Thursday, December 3, 2015

Why do cats always land on their feet?

By Piper McCabe

Most people have heard that cats have nine lives, and this idea is partially do to the

fact that whenever a cat falls from a significant distance they will always land on

their feet and cushion the impact. To answer the question of why cats are able to

twist their entire body while free falling downward we have to look at the concepts

of angular motion.

Historically it has been difficult for physicists to understand why cats do turn over

due to the ideas law of ‘conservation of momentum.’ Angular momentum is defined

by the equation:

L = Iω

‘I’ is defined as the moment of inertia, representing the summation of all forces

resisting the motion and ‘ω’ is defined as the angular velocity. The problem began

due to the fact that when the cats began to fall they would have no initial rotation.

With no external torque or forces, the angular momentum would be 0 and therefore

there would be no rotational velocity, making the ability to turn over impossible.

This theory was disproved when scientists took a better look at what cats do when

they free-fall. The first thing that a cat does is arches its back, into almost a right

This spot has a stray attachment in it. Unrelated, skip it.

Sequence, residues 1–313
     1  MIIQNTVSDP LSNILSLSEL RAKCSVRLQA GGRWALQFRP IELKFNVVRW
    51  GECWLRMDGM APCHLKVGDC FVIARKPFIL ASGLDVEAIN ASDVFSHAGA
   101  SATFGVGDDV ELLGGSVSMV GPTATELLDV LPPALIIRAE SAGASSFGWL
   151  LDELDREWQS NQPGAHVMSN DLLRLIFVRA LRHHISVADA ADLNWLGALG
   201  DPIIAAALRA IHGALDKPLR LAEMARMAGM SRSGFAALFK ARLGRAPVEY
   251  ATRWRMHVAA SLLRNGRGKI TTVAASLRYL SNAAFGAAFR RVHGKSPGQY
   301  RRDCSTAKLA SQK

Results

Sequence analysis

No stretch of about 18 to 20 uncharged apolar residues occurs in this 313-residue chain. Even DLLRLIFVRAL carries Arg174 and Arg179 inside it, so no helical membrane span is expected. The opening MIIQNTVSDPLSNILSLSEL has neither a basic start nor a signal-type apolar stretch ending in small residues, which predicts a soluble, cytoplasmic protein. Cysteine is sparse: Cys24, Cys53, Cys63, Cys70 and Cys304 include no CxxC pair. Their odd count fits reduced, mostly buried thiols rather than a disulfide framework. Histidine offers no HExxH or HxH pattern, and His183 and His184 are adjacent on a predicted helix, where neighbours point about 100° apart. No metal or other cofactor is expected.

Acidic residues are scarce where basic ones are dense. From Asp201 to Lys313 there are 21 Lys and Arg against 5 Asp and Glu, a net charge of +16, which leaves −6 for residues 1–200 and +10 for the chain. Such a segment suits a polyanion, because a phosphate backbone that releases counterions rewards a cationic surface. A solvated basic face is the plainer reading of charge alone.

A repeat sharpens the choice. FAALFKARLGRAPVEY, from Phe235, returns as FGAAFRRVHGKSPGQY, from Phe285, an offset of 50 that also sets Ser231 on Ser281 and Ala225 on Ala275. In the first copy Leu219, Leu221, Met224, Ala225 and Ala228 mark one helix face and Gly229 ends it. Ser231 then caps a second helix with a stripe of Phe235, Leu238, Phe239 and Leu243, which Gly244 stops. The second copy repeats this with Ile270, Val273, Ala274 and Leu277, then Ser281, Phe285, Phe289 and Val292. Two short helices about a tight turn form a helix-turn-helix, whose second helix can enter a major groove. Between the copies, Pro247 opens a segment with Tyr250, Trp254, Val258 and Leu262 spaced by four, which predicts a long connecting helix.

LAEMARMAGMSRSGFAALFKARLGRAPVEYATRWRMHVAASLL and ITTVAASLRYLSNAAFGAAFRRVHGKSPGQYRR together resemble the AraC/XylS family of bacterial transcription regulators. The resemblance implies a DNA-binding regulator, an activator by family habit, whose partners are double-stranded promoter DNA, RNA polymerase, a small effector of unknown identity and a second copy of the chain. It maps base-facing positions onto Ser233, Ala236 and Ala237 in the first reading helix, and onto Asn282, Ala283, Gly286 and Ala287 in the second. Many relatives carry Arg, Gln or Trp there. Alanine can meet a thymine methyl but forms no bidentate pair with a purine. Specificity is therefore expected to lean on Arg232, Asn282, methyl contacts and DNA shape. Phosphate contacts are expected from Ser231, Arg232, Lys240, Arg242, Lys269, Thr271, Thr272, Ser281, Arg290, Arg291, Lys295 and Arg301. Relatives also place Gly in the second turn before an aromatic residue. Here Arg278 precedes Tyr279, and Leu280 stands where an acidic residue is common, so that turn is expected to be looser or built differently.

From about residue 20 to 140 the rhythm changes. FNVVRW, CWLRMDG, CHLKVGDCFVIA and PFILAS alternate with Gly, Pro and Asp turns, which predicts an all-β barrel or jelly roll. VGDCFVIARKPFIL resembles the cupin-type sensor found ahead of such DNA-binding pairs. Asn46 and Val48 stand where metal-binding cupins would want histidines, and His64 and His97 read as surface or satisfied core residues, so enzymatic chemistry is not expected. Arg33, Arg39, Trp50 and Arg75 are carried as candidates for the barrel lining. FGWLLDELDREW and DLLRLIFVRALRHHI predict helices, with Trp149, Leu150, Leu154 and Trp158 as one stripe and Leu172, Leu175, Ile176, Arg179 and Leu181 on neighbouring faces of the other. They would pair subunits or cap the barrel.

angle; this action is significant as it allows the cat to split his body into having two

rotations about different axes. The two different sides of the cat are connected and

moving together, allowing them to have equal but opposite momentums to still

create a net angular momentum of 0 and follow the ‘conservation of momentum’


After the cats arch their backs, they will pull their front paws inward and push their

back paws outward; this will increase the speed of rotation of the cats front and

decrease the speed of cats back in the opposite direction. This can be explained

using the definition of angular momentum and moment of inertia. The moment of

inertia is defined differently depending on the shape of an object, but if we treated

each side of the cat as different point mass:

I = mr^2

‘m’ is defined as mass and ‘r’ is defined as radius. As the cat changes the length of its

legs, the length of its radius will change. Taking the front side of the cats, its leg

length shortens, making r less and therefore producing a lower moment of inertia. If

the moment of inertia is less and the angular momentum remains constant, then the

angular velocity will increase, given the first equation above. Using the same logic

the back legs will indeed slow the backside of the cat down in the opposite direction

in order to equalize the momentums and torques (not external torques so they the

summation of torque should be equal as well in a state of equilibrium).

The final step for the cat is to flip around its previous step. The cat will then pull in

its back legs and push out its front legs, changing the direction of each half and

allowing the back legs to flip around to the correct direction. Being completely

flipped 180° the cat is ready to brace for impact and limit injury.

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